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Remember the good old days when pot was going to be legalized on Canada Day 2018 and we were all going to have a super chill Canada 151? Well, you might have to change the theme of your July 1st party because it looks like this thing could take a lot longer than we originally thought. Like, waaay longer. The federal government and the senate are having major disputes about what’s going to be legal and what’s not and those disagreements could mean we’re waiting quite a while longer for the legal green stuff.

Approval for The Cannabis Act has been a long time coming but the Senate finally okay-ed the bill last week — one of the final steps to legalization. However, they also proposed 46 amendments for the federal Liberal government to review. The feds chose to adopt 27 of the changes — mostly technicalities — but “respectfully disagree with” (read: rejected) 13 of them.

Some of the rejected amendments were considered redundant measures to the government, but there were three standouts that are of some interest.

The Senate wanted to alter the Act to allow provinces to ban the personal cultivation of marijuana. The original bill allowed for four plants to be grown per household and gave power to provinces to regulate personal plants (but not outright ban). Justin Trudeau and Health Minister Ginette Petitpas Taylor said that this is an important aspect of the bill for helping stamp out the illegal market.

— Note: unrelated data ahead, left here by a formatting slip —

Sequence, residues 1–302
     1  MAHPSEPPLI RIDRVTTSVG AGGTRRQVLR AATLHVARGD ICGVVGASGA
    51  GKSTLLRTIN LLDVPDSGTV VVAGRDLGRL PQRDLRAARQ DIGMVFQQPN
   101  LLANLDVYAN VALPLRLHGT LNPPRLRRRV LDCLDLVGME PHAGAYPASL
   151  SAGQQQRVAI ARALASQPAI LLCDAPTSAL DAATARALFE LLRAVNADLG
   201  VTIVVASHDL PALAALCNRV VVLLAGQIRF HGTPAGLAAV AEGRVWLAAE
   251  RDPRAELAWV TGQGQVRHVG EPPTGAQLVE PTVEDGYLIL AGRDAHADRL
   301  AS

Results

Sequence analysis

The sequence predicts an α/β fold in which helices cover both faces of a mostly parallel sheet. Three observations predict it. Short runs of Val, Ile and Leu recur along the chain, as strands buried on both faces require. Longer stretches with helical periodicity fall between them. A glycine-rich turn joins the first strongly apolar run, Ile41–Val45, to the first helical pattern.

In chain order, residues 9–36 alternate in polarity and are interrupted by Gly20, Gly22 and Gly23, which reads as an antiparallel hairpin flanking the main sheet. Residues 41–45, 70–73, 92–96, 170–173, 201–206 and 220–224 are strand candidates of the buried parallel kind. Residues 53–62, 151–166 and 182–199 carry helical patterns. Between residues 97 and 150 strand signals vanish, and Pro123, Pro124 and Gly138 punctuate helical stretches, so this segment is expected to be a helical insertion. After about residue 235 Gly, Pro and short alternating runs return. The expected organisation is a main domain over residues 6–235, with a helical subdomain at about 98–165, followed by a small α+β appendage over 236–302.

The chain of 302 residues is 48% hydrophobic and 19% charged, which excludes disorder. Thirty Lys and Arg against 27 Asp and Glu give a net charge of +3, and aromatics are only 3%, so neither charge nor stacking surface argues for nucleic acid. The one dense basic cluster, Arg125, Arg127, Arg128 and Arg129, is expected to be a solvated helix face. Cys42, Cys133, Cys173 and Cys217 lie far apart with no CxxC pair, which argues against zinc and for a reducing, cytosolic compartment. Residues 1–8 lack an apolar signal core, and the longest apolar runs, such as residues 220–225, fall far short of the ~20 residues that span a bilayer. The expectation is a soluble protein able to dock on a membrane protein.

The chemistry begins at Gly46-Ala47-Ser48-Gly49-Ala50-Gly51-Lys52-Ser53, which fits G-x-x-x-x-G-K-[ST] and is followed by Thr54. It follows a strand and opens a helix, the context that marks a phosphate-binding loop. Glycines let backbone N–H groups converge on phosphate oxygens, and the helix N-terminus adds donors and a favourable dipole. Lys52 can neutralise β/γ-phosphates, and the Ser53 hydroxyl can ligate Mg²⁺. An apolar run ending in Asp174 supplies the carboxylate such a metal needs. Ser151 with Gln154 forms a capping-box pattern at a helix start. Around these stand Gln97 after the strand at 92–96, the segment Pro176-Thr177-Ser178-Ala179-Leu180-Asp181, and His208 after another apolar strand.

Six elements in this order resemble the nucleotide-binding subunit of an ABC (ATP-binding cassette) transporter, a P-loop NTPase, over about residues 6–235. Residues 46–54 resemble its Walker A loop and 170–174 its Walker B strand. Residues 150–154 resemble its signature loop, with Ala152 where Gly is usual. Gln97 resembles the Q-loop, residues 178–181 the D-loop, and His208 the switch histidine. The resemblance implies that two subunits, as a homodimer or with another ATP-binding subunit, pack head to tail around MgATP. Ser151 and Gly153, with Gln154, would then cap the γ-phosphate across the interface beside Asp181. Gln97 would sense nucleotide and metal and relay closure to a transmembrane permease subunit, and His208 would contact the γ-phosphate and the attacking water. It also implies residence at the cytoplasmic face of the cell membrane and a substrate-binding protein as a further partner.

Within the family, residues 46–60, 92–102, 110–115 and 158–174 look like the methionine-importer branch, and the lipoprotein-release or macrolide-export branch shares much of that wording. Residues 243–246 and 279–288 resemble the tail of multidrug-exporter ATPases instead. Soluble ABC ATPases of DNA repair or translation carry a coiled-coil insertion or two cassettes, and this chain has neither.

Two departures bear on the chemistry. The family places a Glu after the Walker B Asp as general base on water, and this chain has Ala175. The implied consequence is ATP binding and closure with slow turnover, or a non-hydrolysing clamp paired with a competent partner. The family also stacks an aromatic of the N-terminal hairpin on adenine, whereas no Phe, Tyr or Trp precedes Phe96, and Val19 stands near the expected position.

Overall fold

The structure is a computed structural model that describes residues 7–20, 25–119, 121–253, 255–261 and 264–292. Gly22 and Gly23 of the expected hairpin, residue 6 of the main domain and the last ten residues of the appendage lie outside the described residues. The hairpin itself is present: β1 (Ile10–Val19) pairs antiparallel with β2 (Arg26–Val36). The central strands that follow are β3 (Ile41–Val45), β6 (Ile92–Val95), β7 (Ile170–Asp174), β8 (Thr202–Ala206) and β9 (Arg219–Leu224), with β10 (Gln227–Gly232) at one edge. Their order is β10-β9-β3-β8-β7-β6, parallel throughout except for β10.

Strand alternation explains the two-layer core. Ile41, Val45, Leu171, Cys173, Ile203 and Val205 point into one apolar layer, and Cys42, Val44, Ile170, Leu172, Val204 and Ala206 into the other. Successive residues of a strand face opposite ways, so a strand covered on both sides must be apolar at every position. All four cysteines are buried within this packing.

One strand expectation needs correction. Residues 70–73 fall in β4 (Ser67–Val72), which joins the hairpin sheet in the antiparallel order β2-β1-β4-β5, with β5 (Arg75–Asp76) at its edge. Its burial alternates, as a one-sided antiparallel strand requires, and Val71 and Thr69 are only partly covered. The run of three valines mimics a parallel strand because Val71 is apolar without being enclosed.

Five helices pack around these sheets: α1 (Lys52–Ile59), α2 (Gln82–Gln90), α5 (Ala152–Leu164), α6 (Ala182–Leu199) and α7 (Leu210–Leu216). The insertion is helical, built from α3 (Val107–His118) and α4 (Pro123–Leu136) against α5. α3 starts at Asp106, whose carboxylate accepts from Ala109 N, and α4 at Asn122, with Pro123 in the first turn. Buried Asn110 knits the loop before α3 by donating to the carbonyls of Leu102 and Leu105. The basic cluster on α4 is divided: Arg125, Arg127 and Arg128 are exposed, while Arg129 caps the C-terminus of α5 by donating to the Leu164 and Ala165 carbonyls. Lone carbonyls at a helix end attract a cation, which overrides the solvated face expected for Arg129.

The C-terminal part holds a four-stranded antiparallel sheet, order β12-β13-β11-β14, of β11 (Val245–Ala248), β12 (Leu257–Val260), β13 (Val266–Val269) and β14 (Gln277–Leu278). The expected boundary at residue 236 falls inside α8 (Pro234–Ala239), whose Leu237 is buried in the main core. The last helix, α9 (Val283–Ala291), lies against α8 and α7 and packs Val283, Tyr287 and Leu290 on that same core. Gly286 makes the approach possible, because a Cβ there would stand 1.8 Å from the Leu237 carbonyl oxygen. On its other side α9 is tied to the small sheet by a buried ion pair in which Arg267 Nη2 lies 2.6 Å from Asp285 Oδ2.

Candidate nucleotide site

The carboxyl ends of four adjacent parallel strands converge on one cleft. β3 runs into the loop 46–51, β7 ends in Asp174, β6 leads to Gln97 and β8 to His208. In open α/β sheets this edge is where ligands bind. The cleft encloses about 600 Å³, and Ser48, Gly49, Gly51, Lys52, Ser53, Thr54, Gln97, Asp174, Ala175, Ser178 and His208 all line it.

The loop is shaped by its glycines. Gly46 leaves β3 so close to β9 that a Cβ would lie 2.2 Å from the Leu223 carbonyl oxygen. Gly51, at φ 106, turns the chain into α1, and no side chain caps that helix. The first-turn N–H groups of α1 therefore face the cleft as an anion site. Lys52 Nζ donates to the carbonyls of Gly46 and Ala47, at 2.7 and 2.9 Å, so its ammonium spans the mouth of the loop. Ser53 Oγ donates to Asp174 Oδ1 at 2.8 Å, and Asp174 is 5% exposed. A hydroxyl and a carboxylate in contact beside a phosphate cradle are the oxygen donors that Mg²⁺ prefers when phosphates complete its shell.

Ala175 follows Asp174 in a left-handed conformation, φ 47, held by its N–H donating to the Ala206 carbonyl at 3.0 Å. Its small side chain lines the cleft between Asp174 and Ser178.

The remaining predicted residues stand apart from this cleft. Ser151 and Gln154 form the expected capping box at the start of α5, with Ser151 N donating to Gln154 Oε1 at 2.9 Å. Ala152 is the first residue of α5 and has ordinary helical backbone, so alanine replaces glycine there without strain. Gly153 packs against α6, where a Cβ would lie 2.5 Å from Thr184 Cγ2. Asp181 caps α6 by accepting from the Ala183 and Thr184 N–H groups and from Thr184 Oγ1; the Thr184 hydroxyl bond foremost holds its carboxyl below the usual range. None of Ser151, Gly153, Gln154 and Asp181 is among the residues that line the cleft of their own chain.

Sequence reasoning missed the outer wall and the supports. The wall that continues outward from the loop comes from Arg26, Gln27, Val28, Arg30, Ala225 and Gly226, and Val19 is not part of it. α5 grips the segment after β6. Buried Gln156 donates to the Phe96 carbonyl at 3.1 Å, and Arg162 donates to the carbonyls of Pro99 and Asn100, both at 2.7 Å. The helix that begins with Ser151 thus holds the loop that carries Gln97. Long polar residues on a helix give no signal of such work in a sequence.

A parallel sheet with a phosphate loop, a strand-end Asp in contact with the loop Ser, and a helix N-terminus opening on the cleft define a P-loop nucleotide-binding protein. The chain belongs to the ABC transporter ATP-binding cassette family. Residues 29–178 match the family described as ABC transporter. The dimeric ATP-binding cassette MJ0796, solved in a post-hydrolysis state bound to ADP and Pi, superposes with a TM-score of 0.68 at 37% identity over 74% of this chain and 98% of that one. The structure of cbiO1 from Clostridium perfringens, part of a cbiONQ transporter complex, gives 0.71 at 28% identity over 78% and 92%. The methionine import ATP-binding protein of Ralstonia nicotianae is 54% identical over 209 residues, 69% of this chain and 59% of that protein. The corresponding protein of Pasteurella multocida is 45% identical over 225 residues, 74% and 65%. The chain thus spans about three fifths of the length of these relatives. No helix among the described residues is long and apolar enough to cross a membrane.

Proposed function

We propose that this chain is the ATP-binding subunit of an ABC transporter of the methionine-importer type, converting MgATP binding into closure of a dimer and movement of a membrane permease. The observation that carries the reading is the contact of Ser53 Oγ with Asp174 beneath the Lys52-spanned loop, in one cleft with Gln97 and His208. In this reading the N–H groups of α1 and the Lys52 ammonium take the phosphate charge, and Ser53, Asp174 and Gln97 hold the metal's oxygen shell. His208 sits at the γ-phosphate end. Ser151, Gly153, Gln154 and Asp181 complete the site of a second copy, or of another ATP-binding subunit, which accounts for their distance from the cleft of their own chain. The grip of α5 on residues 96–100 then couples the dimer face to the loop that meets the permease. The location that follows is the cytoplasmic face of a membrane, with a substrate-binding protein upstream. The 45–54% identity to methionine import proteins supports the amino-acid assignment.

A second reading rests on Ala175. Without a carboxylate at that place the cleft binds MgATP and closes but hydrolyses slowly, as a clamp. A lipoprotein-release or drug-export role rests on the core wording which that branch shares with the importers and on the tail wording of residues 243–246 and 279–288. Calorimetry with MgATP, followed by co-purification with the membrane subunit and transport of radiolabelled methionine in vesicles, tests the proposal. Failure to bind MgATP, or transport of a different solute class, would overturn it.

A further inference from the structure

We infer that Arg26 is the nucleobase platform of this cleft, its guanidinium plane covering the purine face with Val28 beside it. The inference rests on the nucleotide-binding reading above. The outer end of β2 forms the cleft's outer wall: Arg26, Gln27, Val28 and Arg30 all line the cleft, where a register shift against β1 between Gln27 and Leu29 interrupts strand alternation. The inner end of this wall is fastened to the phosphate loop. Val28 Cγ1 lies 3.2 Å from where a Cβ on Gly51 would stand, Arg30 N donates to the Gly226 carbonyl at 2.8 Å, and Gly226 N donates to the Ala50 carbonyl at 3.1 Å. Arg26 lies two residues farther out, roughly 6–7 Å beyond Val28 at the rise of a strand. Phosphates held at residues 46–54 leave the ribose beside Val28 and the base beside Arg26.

Petitpas Taylor added, “Canadians are allowed to make beer at home, or wine and some can even grow tobacco. It is already possible for Canadians to grow cannabis for medical purposes and we absolutely believe that the legislation should be consistent when it comes to recreational cannabis.”

Another rejected amendment would forbid licensed pot stores from also selling marijuana-related merchandise and promotional items such as company branded t-shirts. The government’s reasoning for the decision sates that “the Cannabis Act already includes comprehensive restrictions on promotion,” suggesting that they view any additional limitations to be unnecessary.

The Senate also wanted to create a public registry of any individuals associated with the cannabis industry including parent companies, shareholders and investors. The theory behind the registry would be to make it more difficult for organized crime groups to infiltrate the legal market. The feds rejected the amendment on the grounds that it posed too much of a logistical challenge and that it would lead to privacy concerns.

Trudeau already said that July 1st legalization wasn’t going to happen but that it would definitely be sometime this summer. With these amendment rejections and a potential back-and-forth between the Senate and the government brewing, that might not happen. Especially since there will still be an eight- to twelve-week wait period after the Governor General’s royal assent to give provinces time to figure out their regulation systems.

Maybe we’ll have a super chill Canada 152 instead.